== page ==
Then I started to wonder why this two-stage (or three-stage, or four-stage, depending on how you look at it) process at all in such a way. Basically what I want to have is libraries I have used previously in my project to be used in a new way, and the components I had to be prepended with the new library names. So that intead of having


in the symbol library manager I would have


And in the schematics instead of


I would have


And I wonder why that can’t be automatic and why there are two dialogs which then convert my symbol libraries and names to the form which has “rescue” in them instead of just having one dialog and automatically changing old symbol names to new library:symbol names.

But I never understood the library system to begin with and didn’t get it to work like I wanted. In the new system it seems to be easier with new projects. Previously I ended up adding new libraries in the old Component Libraries dialog directly by adding a User defined search path, instead of first adding library folders in the Manage Symbol Library (Schematic Library Tables) dialog. Maybe that messed up the migration system so that rescuing didn’t work well.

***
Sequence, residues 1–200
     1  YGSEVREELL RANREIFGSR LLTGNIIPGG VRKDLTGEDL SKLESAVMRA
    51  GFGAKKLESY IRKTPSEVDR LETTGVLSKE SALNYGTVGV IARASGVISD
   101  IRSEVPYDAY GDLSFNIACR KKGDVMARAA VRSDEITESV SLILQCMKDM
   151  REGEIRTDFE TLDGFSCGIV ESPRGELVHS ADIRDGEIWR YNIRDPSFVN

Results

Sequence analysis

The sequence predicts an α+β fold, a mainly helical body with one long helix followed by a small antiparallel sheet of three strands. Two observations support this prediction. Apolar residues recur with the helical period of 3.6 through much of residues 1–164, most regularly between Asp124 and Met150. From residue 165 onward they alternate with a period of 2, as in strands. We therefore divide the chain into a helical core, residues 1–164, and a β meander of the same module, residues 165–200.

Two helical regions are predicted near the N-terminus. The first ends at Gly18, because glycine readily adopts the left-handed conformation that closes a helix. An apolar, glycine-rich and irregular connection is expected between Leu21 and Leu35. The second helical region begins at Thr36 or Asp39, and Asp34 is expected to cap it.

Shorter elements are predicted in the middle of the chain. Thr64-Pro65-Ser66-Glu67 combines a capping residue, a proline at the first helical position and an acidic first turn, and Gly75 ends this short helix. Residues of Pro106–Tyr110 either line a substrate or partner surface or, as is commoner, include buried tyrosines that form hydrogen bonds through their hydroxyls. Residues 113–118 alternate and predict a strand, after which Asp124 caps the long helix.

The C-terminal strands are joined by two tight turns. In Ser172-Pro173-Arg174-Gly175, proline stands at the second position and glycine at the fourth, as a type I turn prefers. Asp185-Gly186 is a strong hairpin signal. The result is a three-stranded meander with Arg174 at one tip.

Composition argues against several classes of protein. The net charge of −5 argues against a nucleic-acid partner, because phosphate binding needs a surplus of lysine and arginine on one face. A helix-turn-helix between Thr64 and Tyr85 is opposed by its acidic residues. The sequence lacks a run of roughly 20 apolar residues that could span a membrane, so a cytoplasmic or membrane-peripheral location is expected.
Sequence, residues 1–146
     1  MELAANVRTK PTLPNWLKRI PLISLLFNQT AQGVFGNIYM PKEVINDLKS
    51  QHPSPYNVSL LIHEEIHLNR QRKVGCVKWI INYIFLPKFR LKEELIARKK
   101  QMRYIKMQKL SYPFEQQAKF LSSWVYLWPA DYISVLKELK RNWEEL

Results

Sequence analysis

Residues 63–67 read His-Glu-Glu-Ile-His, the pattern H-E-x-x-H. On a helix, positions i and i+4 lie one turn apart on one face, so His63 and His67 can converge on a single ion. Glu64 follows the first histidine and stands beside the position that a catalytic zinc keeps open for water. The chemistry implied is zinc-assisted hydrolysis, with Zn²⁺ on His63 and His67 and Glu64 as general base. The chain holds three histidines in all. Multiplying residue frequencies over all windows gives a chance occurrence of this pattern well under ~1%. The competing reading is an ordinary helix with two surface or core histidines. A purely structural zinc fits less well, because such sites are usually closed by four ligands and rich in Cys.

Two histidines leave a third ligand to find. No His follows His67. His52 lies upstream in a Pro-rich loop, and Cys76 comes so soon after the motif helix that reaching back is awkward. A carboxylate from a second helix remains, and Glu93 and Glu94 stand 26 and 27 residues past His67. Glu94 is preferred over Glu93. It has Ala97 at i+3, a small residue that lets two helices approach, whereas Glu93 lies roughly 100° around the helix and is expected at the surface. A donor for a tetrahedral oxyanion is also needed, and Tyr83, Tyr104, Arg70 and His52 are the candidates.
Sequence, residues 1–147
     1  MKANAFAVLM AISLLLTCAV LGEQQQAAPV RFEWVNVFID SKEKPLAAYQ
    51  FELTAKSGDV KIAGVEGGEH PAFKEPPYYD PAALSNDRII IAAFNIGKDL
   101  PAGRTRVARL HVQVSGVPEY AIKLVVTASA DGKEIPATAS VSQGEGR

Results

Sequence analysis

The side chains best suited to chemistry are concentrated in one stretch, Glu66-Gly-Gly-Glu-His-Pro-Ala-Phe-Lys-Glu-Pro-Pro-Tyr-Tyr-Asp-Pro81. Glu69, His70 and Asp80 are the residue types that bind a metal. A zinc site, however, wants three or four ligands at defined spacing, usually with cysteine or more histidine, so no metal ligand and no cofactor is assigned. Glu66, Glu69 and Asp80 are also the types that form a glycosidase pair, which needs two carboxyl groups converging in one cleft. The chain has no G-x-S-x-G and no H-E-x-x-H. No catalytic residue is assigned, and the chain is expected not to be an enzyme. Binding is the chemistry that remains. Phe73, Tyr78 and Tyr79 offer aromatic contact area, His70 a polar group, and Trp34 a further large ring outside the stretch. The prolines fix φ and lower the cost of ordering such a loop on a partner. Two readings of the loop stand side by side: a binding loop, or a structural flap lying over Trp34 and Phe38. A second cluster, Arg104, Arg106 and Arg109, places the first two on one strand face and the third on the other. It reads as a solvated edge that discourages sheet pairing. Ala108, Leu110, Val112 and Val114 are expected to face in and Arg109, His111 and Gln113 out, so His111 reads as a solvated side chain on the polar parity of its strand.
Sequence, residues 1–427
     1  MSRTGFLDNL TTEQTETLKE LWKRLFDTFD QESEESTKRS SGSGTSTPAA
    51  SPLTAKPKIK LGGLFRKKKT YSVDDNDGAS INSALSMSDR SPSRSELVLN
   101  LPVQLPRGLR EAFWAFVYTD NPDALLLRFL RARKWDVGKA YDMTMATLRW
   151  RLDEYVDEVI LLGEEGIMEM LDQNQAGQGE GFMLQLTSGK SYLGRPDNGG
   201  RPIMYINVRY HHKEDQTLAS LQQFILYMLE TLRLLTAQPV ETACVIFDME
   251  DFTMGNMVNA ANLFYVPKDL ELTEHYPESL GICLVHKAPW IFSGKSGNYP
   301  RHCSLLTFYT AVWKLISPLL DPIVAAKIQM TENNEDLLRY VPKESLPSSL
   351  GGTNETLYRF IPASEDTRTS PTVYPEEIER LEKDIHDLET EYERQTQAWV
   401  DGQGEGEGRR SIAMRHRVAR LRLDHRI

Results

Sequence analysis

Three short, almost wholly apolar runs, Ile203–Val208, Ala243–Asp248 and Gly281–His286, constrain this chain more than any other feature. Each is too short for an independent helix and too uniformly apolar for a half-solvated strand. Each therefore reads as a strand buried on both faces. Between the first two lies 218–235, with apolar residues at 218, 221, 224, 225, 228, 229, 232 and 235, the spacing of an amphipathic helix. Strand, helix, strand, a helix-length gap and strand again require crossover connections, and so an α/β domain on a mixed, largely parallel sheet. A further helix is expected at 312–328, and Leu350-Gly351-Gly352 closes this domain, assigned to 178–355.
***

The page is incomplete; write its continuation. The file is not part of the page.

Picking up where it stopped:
And if you didn’t notice it already, I didn’t understand almost a word about the directions given in the blog post.

Anyways, KiCad is going into a good direction, it’s exciting to learn to use it and to follow where it’s going and I wish I can help development in the future.

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Thanks a lot for the user friendly Remap Symbols tool. This is making this transition very smooth even with a non standard configuration user case! :smiley:

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Yes, the new symbol library file format will be similar in design to the current footprint file format. Symbols will be one symbol per file for the most part. There may be some exceptions.

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Rescuing is not remapping. Rescuing occurs when the symbol in the cache is different from the same symbol found in the library or the symbol in the cache cannot be found in any library. Remapping maps the library symbol links of the schematic symbols to the new library table.

Prior to my commits on Friday, the symbol library table dialog had no effect. It was just part of an incremental development path.


Windows nightlies are fixed.


Are more than one path to symbol libs respected?
(In other words more than the standard KICAD_SYMBOL_DIR path?)